There are some movies out there that you wish everyone had seen and artists you wish everyone knew. In this Hollywood obsessed film industry, one that is battered with bemoaning and complaints, you wish that you could turn people’s heads and – he he – direct them to a filmmaker burning with talent. Sebastian Silva is one such man who can command attention and admiration with his stirring extrapolations of chaotic humanity and strife filled emotion. Many film lovers would be aware of his work with Magic Magic – an investigation of selfishness and paranoia starring Michael Cera and Juno Temple, but he has crafted other pieces of work that evoke an impressive response and has had critical acclaim everywhere such as The Maid and La Vida Me Mata.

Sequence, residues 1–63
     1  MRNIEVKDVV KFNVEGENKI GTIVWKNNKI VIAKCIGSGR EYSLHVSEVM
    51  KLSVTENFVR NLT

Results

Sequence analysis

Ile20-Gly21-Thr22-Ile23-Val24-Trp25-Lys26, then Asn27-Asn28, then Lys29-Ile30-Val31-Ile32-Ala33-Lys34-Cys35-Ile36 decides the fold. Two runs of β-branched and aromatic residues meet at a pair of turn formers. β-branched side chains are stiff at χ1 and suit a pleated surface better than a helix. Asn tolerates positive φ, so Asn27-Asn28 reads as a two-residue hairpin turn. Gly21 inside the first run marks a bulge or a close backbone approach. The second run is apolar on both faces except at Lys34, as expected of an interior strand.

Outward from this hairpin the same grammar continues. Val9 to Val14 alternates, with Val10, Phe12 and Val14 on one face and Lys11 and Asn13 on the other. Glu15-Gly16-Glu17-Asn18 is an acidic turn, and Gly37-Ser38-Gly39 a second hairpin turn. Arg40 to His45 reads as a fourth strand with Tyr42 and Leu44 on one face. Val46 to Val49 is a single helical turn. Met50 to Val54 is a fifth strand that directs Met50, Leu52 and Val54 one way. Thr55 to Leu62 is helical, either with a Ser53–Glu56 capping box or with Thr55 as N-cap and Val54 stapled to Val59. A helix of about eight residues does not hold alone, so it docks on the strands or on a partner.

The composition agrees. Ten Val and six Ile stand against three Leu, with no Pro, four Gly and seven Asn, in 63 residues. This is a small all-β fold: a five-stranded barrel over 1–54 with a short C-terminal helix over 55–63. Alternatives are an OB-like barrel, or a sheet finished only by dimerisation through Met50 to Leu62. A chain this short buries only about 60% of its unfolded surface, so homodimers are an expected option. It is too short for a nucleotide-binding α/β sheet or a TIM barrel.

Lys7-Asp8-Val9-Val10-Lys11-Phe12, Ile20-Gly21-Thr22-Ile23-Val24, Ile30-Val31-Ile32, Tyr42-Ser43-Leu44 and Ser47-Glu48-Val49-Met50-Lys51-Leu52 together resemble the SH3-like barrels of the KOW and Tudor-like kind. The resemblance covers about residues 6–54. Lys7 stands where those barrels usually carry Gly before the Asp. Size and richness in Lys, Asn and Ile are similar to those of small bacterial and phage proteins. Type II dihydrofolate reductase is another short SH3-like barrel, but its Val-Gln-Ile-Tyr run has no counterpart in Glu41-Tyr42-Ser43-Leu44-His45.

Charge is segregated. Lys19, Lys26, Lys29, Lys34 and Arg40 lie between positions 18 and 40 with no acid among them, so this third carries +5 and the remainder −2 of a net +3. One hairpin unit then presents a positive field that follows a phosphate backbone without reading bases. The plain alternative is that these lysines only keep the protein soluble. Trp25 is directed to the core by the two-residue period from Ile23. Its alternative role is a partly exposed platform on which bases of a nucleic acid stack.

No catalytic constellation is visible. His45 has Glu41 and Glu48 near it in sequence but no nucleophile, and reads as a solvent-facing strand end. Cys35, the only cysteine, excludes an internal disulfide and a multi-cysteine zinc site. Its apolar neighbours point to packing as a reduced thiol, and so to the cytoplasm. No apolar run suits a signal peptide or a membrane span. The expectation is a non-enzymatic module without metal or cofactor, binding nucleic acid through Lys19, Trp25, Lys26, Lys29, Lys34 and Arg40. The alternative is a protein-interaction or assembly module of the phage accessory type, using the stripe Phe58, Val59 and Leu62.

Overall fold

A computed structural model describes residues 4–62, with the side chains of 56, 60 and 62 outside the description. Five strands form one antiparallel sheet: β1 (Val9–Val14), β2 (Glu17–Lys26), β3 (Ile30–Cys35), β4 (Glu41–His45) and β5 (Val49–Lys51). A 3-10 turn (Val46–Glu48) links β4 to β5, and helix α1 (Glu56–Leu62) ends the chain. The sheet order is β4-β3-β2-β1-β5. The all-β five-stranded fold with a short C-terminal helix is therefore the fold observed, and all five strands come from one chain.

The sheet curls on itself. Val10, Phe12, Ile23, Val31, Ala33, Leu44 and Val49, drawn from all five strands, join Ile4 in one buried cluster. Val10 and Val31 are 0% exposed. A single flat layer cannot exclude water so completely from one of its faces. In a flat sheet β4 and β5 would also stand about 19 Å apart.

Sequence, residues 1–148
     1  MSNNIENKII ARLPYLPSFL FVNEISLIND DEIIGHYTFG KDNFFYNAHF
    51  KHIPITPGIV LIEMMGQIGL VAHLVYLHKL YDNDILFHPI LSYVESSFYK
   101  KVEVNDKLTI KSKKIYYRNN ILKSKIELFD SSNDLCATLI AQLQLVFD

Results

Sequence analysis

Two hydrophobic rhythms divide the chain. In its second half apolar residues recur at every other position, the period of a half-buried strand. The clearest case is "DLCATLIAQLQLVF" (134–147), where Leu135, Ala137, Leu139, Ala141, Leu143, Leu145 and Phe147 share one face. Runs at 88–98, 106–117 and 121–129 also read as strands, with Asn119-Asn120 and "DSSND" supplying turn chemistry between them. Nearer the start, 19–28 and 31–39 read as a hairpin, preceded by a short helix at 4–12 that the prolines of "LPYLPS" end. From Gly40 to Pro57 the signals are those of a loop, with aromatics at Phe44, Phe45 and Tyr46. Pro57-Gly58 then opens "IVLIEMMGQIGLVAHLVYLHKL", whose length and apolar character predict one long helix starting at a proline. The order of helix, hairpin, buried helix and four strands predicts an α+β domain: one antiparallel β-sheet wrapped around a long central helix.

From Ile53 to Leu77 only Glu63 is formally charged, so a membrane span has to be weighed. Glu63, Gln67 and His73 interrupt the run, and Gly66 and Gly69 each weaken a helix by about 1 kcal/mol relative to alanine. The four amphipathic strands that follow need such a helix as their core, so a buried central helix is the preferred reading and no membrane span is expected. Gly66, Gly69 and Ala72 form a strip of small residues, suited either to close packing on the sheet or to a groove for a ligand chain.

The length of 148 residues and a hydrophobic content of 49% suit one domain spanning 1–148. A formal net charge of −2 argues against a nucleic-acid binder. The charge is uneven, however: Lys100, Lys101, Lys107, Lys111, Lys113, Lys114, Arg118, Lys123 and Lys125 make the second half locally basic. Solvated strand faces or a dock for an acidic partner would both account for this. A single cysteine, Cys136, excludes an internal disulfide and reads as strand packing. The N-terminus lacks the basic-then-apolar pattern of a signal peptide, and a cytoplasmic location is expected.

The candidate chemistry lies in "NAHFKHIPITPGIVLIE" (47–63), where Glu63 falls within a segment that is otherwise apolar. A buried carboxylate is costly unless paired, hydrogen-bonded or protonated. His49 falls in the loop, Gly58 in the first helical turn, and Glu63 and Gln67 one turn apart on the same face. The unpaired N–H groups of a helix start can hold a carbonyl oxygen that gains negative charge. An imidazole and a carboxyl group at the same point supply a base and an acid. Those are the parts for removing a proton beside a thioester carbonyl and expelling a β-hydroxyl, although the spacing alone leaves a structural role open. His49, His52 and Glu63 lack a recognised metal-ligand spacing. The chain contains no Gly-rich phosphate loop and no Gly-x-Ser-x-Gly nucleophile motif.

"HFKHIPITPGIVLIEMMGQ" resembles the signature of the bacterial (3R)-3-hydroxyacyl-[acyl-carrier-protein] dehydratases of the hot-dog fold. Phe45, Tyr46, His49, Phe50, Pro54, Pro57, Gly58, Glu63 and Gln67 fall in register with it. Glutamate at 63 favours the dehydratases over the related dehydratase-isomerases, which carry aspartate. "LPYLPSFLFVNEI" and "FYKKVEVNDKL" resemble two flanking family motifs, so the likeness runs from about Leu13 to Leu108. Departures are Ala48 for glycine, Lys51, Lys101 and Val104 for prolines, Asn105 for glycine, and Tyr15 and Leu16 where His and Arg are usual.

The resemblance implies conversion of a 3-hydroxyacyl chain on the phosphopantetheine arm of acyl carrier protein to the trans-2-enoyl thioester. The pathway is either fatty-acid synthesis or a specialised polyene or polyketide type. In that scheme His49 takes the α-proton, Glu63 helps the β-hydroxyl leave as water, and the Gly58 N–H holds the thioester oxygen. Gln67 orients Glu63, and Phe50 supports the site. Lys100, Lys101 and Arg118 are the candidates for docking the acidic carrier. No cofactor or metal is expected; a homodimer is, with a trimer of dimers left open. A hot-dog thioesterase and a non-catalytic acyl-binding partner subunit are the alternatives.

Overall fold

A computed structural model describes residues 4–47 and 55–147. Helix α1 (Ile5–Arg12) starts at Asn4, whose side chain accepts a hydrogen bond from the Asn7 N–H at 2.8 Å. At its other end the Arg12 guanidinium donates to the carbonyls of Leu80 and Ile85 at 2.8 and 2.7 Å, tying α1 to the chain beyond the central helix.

Now he returns in Nasty Baby, a film where he not only directs and writes, but also stars in LGBT drama Nasty Baby. Alongside Kristen Wiig and Tunde Adebimpe, Silva stars as one half of an interracial gay couple who are trying to have a baby. Their solution is to get their best friend Polly pregnant, a task which she is happily prepared to do. However, the trio are constantly harassed by a homophobic homeless man named The Bishop. Trying to navigate the system as well as the abuse, can the trio survive and live happily ever after?